‘Stand up for care workers!’ is the passionate call from UNISON rally

Rally hears speakers from across the political spectrum, together with NGOs and celebrities, calling for social care to treated on a par with the NHS

The UK has reached a crucial moment in terms of social care. Two key messages at the heart of UNISON’s Pay Fair for Care national day of action and rally today were that we must ‘stand up for care workers’ and ‘keep up the pressure’.

The event – co-hosted by the Future Social Care Coalition, a cross-party alliance of more than 80 organisations and individuals – comes against a background of crisis in the social care sector.

That has been compounded by 11 months of the COVID-19 pandemic, which has raised awareness nationally of the work that care workers do, but in a context of increased risk to their own lives as the virus took a devastating toll on care homes and the vulnerable.

Yet many employees in care homes, together with those looking after people in the community, earn less than the real living wage of £9.50 an hour (£10.85 in London). UNISON wants ministers to ensure every care worker is on the real living wage rate, as a bare minimum.

UNISON general secretary Christina McAnea told those attending the rally: “Care is part of the infrastructure of this country … it is essential.”

Ms McAnea was able to refer to an independent report, commissioned by the Scottish government and only released moments before the rally, which stresses that the care sector is “highly gendered”, with 83% of the workforce being female.

“Were 83% male, she said, “it would not be marginalised as it is.”

But she continued: “This is a happy day – we’ve got fantastic support. Let’s stand up for care workers. Make what happens in care, fair and deliverable.”

Care worker and UNISON senior vice president Sian Stockham told the rally a little of her own story – and why she has started a petition to government to create an emergency support fund to increase care workers’ wages.

“The general public is calling us heroes and going out and clapping for us – let’s put those claps into words,” she said.

Not only is pay in the sector low, there’s also an issue with zero-hours contracts, she added. “How can you budget when you don’t know what you’re getting?”

Ms Stockham, who at 66 is unable to retire and has two jobs in order to make ends meet, went on: “There have been times when I couldn’t put my heating on. A few years ago, I remember walking around with holes in my shoes.”

On misconceptions about the nature of care work, she responded ironically: “Oh, I’m ‘low-skilled’,” before explaining just a few of the skills her work entails.

Many speakers stressed the need for cross-party political support for the issue – ‘it’s the only way to get things done’ was a recurring theme.

Liz Kendall, Labour’s shadow minister for social care, said: “Transforming social care is the challenge of our generation”, adding that, “We must make sure that all frontline care workers get the pay and conditions that they need.”

She – like many other speakers – noted that social care and the NHS “are inextricably linked”.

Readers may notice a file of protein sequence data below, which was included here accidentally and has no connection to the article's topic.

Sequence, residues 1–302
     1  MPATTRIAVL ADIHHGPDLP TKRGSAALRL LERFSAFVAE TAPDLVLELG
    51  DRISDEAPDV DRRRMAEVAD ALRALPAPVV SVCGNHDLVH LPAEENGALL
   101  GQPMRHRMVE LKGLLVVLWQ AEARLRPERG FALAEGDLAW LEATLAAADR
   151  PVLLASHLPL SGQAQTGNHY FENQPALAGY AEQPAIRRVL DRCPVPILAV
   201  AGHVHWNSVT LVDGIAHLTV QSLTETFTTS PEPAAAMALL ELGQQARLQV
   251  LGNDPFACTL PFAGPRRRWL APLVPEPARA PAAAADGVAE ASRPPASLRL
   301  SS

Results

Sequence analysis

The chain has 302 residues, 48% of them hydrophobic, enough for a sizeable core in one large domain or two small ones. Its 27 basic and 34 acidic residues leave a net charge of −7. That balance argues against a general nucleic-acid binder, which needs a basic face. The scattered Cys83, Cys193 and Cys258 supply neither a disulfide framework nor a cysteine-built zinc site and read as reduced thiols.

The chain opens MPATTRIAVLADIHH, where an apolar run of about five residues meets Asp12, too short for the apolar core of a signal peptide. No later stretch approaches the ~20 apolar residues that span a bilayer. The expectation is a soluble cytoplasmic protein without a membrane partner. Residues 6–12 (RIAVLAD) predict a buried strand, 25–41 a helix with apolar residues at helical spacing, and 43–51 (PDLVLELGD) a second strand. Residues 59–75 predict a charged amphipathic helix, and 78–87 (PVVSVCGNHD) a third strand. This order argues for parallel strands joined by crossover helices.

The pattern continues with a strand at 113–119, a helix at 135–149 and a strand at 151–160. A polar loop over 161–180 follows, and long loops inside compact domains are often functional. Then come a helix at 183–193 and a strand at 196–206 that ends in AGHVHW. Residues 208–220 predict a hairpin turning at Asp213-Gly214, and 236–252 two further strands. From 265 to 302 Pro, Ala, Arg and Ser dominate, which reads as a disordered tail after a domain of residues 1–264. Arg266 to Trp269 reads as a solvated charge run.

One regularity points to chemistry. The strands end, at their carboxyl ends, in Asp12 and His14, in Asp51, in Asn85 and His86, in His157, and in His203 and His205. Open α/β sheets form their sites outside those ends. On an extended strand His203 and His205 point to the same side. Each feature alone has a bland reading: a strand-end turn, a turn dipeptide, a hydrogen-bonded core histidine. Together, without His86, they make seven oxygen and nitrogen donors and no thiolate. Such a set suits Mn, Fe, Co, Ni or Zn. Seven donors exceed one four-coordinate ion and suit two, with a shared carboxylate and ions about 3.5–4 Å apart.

But not only was the current state of social care “morally wrong,” it was also “economically illiterate.” If carers have to give up work or reduce hours, or if a vulnerable person is stuck in hospital because of a lack of care, both are far more costly to the economy than properly funded social care.

The rally saw speakers from across the Westminster spectrum, from the charity and voluntary sector and from trade unions.

They included former health secretary Jeremy Hunt and independent peer Lord Victor Adebowale, the chief executive of the social care enterprise Turning Point, who stressed the need for a proper living wage for care workers.

Former minister for pensions Baroness Ros Altmann said that nobody disagreed about the need for an overhaul of the social care system, but “we need to get on with it” and “we need a new Beveridge,” referring to the 1942 report by Liberal economist William Beveridge that formed the basis for the Welfare State as part of the country’s recovery after WWII.

Deputy Labour leader Angela Rayner – herself a UNISON member and former care worker – described the pandemic has having “created a hunger and a thirst for us to do the right thing”.

Social care “saves the taxpayer so much money in the end,” she said. Stressing the importance of it being a cross-party campaign, she added: “But no more jam tomorrow”.

Two panel discussions sandwiched messages of support, which included video calls from national treasures Joanna Lumley and Jo Brand.

“I’m backing UNISON’s call for a living wage for all the care workers,” said the Ab Fab star. “They seem to be the invisible part of our nation’s health system. They look after millions of people, they do it for practically nothing and some of them for nothing at all. It seems massively unfair that they’re the forgotten ones.”

Comic and former nurse Jo Brand – after apologising for her “lockdown haircut” – said that “care workers are simply not rewarded for the very, very hard work that they do. Pay care workers a living wage.”

Other messages came from Andy Burnham, the mayor of Greater Manchester, Liberal Democrats leader Ed Davey, shadow immigration minister Bell Ribeiro-Addy, Labour peer David Blunkett and shadow minister for employment Seema Malhotra.

As the rally concluded, Ms AcAnea reminded everyone: “Let’s keep the pressure up!”